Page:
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Table 2. Clinicopathologic features by HER2 status.

doi:10.1371/journal.pone.0061565.t002

Her 2 positivity and Survival

After a median follow-up of 2.8 years (range, 0–19.99 years), 29 recurrences and 22 deaths, the median overall survival (OS) was not reached for the study population and the 5-year OS rate was 75.4%. Overall, there was no statistically significant difference in OS between HER2+ and HER2− patients (p = 0.249) (Figure 2a). Similarly, HER2 status was not significant for PFS (p = 0.12) (Figure 2b). HER2− patients had shorter median follow-up than HER2+ patients (2.4 years vs 4.3 years; p = 0.012).There were more HER2− patients than HER2+ patients diagnosed in 2011 and 2012 (8.5% versus 3.2%), and a greater number of HER2− patients diagnosed before 2010 were lost to follow-up (23% vs 10% respectively). To assess the impact of inclusion of patients diagnosed in 2011 and 2012 on the survival outcomes in the study, a sensitivity analysis was conducted whereby the survival analyses by HER2 status were repeated based on patients diagnosed between 1990 and 2010. This sensitivity analysis did not lead to a different conclusion on the association of HER2 status with OS.

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Figure 2. Survival outcomes by HER2 status.

No statistical significance was observed for HER2+ compared to HER2− cases in (A) overall survival (log-rank p = 0.249), and (B) progression free survival (log-rank p = 0.120).

doi:10.1371/journal.pone.0061565.g002

Clinical Factors associated with Survival

Advanced age at diagnosis, positive family history of cancer, advanced disease stage at diagnosis, presence of LVI and ovarian surface involvement (OSI) were significantly associated with inferior OS on univariate analysis (Table 3). Tumor grade, ethnicity and smoking history did not appear to impact survival. Family history of cancer, LVI, and OSI continued to be statistically significant on multivariate analysis after adjustment for stage. As in OS, LVI and OSI, and in addition, receipt of chemotherapy were important factors determining the outcome of PFS in multivariate analysis after adjusting for stage (Table 4).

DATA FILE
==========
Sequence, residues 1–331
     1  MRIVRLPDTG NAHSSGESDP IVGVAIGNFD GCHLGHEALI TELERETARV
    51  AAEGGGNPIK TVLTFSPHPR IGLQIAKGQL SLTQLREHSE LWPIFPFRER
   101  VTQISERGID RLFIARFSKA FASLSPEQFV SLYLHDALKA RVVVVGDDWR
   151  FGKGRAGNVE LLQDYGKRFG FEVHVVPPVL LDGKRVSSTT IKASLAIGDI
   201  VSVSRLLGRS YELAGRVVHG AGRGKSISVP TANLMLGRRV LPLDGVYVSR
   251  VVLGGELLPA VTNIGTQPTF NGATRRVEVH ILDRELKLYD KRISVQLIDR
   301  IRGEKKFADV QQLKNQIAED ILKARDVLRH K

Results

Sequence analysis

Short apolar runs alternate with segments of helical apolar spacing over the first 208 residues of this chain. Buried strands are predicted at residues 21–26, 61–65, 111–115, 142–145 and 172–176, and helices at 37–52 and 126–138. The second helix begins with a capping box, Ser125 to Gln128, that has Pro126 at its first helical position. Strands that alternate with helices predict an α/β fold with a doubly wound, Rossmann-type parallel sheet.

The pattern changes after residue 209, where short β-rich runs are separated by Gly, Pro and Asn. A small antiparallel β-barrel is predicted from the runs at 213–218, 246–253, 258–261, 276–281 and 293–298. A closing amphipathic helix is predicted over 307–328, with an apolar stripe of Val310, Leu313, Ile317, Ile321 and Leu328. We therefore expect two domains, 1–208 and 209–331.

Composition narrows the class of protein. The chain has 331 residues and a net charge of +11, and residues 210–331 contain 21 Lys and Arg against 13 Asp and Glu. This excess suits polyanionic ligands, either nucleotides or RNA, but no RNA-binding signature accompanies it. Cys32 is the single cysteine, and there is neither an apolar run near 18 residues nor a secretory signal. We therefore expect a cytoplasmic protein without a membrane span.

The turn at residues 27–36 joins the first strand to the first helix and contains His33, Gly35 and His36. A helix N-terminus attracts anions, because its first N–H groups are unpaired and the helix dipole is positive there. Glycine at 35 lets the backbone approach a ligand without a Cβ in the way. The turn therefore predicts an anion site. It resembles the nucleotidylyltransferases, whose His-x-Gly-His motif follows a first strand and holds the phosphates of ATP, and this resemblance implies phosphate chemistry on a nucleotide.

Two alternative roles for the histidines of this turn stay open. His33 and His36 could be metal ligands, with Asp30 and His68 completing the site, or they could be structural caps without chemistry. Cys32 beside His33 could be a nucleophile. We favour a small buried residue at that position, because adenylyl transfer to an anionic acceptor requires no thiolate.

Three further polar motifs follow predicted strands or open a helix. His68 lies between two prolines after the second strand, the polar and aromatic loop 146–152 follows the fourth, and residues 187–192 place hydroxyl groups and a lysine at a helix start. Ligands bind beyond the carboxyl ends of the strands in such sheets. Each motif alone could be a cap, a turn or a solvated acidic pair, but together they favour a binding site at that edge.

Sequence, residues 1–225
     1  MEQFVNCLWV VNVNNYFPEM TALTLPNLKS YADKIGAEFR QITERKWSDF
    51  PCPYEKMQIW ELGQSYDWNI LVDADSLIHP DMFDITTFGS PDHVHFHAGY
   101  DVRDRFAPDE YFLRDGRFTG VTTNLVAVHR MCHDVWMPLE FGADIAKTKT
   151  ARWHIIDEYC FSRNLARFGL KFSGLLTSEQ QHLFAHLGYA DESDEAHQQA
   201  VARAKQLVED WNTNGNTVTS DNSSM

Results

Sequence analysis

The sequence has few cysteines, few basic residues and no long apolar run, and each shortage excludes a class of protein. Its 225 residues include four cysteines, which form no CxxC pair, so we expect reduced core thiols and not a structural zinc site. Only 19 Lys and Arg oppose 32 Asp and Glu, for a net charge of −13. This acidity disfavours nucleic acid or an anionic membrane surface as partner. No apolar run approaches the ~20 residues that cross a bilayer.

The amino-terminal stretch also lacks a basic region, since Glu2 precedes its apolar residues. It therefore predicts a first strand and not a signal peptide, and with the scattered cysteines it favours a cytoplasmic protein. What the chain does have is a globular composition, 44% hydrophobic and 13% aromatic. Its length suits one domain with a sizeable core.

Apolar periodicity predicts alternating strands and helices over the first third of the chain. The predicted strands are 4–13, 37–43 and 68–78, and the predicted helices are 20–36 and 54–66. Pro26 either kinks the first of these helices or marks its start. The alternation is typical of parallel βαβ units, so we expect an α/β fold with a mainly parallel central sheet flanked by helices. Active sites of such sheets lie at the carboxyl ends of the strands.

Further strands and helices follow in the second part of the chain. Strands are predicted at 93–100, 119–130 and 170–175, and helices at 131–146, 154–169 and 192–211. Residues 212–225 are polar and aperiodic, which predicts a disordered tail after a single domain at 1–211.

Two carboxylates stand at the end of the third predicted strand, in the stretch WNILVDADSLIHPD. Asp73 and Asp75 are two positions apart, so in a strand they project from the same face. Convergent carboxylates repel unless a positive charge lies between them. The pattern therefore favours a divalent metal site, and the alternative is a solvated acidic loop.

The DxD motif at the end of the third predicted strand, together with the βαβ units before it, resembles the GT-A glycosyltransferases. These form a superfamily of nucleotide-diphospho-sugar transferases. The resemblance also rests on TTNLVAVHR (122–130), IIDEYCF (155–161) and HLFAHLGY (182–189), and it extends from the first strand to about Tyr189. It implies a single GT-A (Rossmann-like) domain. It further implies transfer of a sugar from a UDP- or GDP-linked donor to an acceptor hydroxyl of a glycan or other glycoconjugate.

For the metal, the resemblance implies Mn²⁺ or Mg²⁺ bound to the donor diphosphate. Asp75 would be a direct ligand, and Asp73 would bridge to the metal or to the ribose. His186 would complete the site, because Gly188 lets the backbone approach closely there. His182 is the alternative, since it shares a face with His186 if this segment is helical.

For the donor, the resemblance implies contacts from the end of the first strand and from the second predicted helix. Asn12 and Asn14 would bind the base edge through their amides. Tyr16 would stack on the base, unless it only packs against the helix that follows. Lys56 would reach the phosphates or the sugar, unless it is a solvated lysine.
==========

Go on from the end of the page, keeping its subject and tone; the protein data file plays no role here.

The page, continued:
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Table 3. Overall survival analysis.

doi:10.1371/journal.pone.0061565.t003
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Table 4. Progression-free survival analysis.

doi:10.1371/journal.pone.0061565.t004

Discussion

Ovarian mucinous tumors tend to have a poor prognosis in advanced stages and response to chemotherapy is generally poor in comparison to other histology subtypes of ovarian cancer. There is mounting evidence that distinct mutations and genomic aberrations exist in each histological subtype of ovarian cancers, suggesting that treatment of ovarian cancer could be stratified according to histology subtypes.

The current study reports on HER2 status and clinicopathological factors in the largest cohort of mEOC in an Asian setting. It carries three significant implications. Firstly, compared to a recent report by Anglesio et al that the incidence of HER2 positivity was 18.8% (n = 154) in the western populations [5], a higher HER2 overexpression rate of 27.4% (95% confidence interval 20.1% to 36.3%) was found in this current study. Although a previous local study limited to a sample size of 17 patients only had reported a HER2 positivity rate of 35%, the rate falls within the 95% confidence interval of the current study. [6]. Our findings further demonstrated that there was a higher incidence of HER2+ in Malays (56%) compared to Chinese (23%) and Indians (17%). We believe that there is an ethnic difference in genetic makeup for mucinous ovarian cancers which may also account for the reported difference in the incidence of HER2 positivity between Asians and Caucasians.